The Museum

The preceding dynamics alone would suffice for a game with insightful meta-commentary about video game aesthetics; however, “The Stanley Parable” goes one step further by also inviting the player to consider the fact that it is the product of game designers. In another possible ending, Stanley is taken to a pristine museum with vaulted ceilings, transported away from the narrator moments before Stanley’s death. A different voice poses a question to the player: “When every path you can walk has been created for you long in advance, death becomes meaningless, making life the same. Do you see now? Do you see that Stanley was already dead from the moment he hit start?” The exhibits in the museum are various pictures and stories from the real-world development of “The Stanley Parable”: concept art, early beta versions of various endings, snippets of narrator speech that were ultimately discarded, and so forth. After the interlude in the museum, the narrative returns to the moment immediately preceding Stanley’s death, and the voice implores the player to make “[her] only true choice”: quitting the game. This is our way into the third conception of Stanley as a cyranoid: {[Stanley] Game Designer}.

I have said that, as we can see by the narrative three-space, the player is able to make choices that lead Stanley to diverge from the narrator’s linear narrative; however, the choices available to the player are not unlimited. The totality of the game’s narrative, as represented by the three-space, is the product of the team that developed the game (I gloss the entire team as “Game Designer” in analysis); the Game Designer also codes the set of vectors available for the player to relocate lambda. As such, even though the player has choice within the narrative, the actions from which the player chooses are a function of the Designer – a third party. So in this way, it looks like we can actually define the player as a cyranoid in the form of {[Player] Game Designer}, so long as the player acquiesces to the act of playing the game. Since we have already determined that the player determines the actions of Stanley, the fact that the player’s possible actions are determined by the Game Designer lead to the conclusion that there is a third cyranoid as which we can define Stanley: {[Stanley] Game Designer}.

This also tracks with the narrative three-space model: this third cyranoid picks out the totality of the three-space, which the Game Designer created and over which the player seems to lack authority. This is the sense in which quitting the game is the only “real” choice available to the player: it is the only choice that is not fundamentally encoded by the game itself – and, as such, it is the only choice that is not the work of the Game Designer. This highlights a second tension that, unlike the first, is particular to video game storytelling: are the actions of the avatar determined more by the player or the game designer? “Stanley” suggests that the game designer ultimately has more authority, since the only true choice for the player is quitting the game; however, the answer is not clear-cut, which is part of makes the tension interesting to explore within a narrative context. After all, although the set of total choices available for the player to make through the avatar is determined by the game designer, the matter of which members of the set the player actually chooses to use in the playthrough does seem to be determined by the player herself. This means that there can exist a real push-and-pull between the degree to which a player defines the avatar and the degree to which the Game Designer defines the avatar. So a complete definition of a Stanley cyranoid would be most satisfying in a form along the lines of {[Stanley] Player/Game Designer}, where ‘Player/Game Designer’ represent a dynamic relationship in which both the Player and Game Designer exert partial influence over Stanley.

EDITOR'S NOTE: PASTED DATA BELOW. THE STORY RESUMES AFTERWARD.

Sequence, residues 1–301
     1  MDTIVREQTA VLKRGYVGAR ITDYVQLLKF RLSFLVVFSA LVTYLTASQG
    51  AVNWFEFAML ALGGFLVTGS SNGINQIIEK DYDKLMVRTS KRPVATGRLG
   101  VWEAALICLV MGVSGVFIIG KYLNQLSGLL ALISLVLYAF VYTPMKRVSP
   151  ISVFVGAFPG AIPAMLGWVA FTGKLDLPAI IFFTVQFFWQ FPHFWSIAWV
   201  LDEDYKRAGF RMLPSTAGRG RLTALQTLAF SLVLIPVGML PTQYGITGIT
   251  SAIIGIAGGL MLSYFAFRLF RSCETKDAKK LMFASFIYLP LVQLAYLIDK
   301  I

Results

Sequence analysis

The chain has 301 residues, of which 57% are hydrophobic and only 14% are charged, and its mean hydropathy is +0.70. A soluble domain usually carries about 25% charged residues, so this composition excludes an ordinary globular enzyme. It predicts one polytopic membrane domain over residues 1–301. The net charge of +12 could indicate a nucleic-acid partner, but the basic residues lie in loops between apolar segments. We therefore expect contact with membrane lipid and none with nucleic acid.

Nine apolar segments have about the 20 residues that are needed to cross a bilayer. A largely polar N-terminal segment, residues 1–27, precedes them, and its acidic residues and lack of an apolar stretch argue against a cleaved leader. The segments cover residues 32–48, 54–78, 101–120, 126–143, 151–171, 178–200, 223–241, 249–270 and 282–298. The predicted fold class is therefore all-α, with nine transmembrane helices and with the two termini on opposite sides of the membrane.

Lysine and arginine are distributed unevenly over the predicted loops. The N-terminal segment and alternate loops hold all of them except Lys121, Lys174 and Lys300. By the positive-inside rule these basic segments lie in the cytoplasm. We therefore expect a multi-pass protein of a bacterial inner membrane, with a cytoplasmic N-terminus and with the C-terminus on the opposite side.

Cyranoid analysis allows us to see the crux of “The Stanley Parable” in a new light: on this reading, the game is an exploration of determining exactly what ‘Stanley’ is. It highlights how this seemingly simple question has drastically different answers depending both on what medium Stanley is represented in (traditional media versus video games) and on whether we emphasize which choices he actually makes (which are determined by the player) or all possible choice he could make (which are determined by the Game Designer). The game itself can thereby be seen as a study of precisely what constitutes the character, and how seemingly innocuous choices of how the character is represented can drastically alter the character’s existence. This demonstrates both the utility of cyranoids in video game aesthetics, and also what makes “The Stanley Parable” such an enticingly bizarre game to play.

Oh, and not that I concern myself with authorial intent, but I close with a moment of icing on the cake.  Doctor Milgram, to whom we owe the concept of cyranoids?

His first name was “Stanley.”

Aaron Suduiko

Aaron Suduiko - Founder and Chief Video Game Analyst

Aaron Suduiko is the founder of With a Terrible Fate and a philosopher of video-game storytelling. He specializes in the impact of player-avatar relations on game stories.  Learn more here.